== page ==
Energy Storage End Uses and Value Streams
- Oct 12, 2017 1:00 pm GMTJul 7, 2018 10:21 pm GMT
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The electric industry is going through a period where long prevailing planning and operating assumptions are being upended. Significant, multi-faceted changes in energy supply and demand technology are compelling electric utilities to fundamentally rethink their legacy business models and develop profoundly different visions of their role in the energy market. With expected technological innovation, storage will grow in importance, making it imperative for planners to consider storage for energy, capacity, and ancillary service needs in all parts of the industry value chain.
Join Siemens in an exclusive 4 part mini- series with Energy Collective as we decipher the energy storage value proposition. For a full download of our whitepaper on the energy storage value proposition, please visit our website.
While energy storage has grown rapidly over the past couple of years and several hundred MWs of projects are under development, the value to investors of energy storage remains somewhat nebulous. This series identifies leading energy storage technologies, defines key applications, reviews current leading battery projects, and estimates investor returns for differing applications and markets. Further, this series also discusses the key factors driving storage economics and investor returns.
Today, in the right application and market, battery storage can provide attractive returns. Clearly, there are other applications where the economics today do not meet a minimum threshold. The storage economic proposition will improve in all applications as capital costs fall, which they are expected to do. By its very nature, storage offers multiple value streams. A rational investor would take advantage of all possible value streams, so long as each value stream in practice can be realized and there is no “double counting” of benefits.
Storage End Uses and Value Streams
As mentioned briefly, storage applications can range from very short duration requirements like frequency response and regulation, operating and planning reserves, to longer term needs of energy management (e.g., to store energy from renewable resources generated in off peak periods an consume it during on-peak periods). The graph below indicates the rated power and discharge time for each key storage technology available to meet the system frequency response and regulation, operating and ramping, and energy management needs. As shown, Li-Ion batteries are quite versatile in terms of the range of applications they capture. For example, such batteries can respond quickly (seconds) to cover frequency response and regulation needs with small storage sizes and at the same time cover longer duration storage needs where speed of response is less critical. Flywheels, on the other hand, can provide an even quicker speed of response and hence are ideal for frequency response applications but the storage duration or capability is much smaller.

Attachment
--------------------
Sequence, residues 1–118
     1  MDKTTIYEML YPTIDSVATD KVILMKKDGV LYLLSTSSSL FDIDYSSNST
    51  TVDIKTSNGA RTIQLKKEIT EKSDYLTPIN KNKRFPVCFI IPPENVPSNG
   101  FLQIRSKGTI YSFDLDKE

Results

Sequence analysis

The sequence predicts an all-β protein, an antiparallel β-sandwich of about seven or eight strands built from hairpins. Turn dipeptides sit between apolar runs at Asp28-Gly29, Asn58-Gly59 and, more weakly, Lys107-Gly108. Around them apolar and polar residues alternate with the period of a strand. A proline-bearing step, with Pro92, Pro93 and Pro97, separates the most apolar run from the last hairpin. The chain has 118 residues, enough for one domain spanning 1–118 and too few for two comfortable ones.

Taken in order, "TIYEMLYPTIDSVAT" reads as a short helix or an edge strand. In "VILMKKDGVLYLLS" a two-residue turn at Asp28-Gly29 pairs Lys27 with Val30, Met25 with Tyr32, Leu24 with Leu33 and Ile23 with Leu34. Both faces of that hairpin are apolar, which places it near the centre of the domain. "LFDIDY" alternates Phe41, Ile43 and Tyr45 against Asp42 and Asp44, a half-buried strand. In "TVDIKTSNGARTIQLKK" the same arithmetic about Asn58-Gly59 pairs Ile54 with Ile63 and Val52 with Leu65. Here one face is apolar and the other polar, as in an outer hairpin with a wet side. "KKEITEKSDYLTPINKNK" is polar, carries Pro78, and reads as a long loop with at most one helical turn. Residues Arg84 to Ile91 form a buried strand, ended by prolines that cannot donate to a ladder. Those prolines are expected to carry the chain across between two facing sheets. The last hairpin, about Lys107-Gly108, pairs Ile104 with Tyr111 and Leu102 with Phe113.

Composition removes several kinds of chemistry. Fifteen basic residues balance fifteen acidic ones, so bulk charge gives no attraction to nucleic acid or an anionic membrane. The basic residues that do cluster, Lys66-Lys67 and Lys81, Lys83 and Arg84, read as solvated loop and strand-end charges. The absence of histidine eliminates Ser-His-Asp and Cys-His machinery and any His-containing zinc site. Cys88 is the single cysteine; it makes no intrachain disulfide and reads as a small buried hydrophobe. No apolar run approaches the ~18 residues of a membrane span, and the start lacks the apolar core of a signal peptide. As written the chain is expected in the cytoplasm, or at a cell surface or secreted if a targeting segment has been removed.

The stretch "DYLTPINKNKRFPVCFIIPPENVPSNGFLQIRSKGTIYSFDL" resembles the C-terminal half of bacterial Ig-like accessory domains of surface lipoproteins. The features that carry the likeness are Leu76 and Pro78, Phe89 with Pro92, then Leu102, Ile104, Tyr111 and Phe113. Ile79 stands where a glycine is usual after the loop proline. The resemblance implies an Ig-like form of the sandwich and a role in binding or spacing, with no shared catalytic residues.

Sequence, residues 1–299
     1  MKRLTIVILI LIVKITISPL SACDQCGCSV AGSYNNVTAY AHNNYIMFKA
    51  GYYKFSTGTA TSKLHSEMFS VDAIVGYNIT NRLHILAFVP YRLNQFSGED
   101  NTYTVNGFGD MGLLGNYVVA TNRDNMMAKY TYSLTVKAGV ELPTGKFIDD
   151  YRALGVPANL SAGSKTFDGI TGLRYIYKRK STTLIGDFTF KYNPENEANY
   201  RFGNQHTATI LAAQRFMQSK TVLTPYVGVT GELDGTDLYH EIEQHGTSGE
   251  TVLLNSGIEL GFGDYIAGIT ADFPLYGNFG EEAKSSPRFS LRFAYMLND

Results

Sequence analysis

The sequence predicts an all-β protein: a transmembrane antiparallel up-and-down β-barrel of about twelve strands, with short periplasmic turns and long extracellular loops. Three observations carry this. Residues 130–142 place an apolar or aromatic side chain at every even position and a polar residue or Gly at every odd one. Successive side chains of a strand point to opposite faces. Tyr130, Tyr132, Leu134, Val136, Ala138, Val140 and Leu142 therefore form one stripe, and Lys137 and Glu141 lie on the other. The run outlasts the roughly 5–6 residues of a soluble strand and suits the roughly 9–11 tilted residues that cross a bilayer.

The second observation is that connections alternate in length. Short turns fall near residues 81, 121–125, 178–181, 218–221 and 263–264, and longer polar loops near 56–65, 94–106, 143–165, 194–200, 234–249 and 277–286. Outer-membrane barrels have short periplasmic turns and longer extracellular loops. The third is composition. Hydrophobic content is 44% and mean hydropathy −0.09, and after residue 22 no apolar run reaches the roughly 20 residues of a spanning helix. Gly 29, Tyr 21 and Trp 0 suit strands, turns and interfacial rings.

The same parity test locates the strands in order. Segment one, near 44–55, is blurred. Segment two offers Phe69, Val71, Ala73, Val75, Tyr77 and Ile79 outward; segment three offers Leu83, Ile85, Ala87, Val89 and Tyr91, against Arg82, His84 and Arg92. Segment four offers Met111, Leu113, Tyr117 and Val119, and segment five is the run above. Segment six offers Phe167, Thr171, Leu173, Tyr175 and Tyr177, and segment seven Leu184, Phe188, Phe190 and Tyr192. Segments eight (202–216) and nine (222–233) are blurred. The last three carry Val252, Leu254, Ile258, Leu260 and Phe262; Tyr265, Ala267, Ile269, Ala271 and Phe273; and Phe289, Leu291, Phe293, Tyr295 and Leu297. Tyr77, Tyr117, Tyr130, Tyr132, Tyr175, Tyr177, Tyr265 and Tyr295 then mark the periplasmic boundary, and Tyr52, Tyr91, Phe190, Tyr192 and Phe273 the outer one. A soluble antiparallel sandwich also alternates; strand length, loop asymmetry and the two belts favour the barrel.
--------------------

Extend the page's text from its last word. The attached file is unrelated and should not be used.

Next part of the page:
As discussed above, energy storage may serve three generic system needs – frequency response and regulation, operating and ramping, and energy management. By applying storage in either the transmission, distribution, or customer portion of the electric delivery system, the energy storage owner/ operator may solve one or many system issues and in doing so, earn revenues from supplying multiple service to the grid. For example, in some jurisdictions batteries are paired with renewables to supply quick power bursts to network segments thereby assisting in frequency response when, for instance, clouds pass overhead. After that burst, additional slower acting higher power resources step in to maintain system frequency.
Energy storage applications in the transmission and distribution systems are sometimes termed “utility scale” or “in front of the meter” solutions, while those sited with consumer facilities are often termed “behind the meter” solutions. Storage applied in transmission infrastructure support the bulk delivery of electricity, ancillary services, and infrastructure weaknesses. When added in the distribution systems, storage may also support a challenged infrastructure, as well as enhance customer energy management. When applied “behind the meter”, storage may improve energy quality, support local infrastructure, or help to reduce customer energy costs.
The chart below represents the range of potential storage applications (end uses) across the electric delivery system. A storage system could earn revenues from several sources, depending upon where it is placed in the system (geography), what services the system is designed to serve (design), the market in which the system operates (market), type of owner (owner), and incentives. As the color coding in chart below indicates, there are several common storage value themes including: upgrade deferral, voltage/ VAR support, power quality, reliability, load time shifting, and renewable firming.
Battery Energy Storage End Uses
The table below examines each storage theme in further detail.
This concludes part one in our four part mini-series on the energy storage value proposition. Tune in next week as we move to part two and examine the fundamental of economic storage.
For a full download of our whitepaper, please visit our website.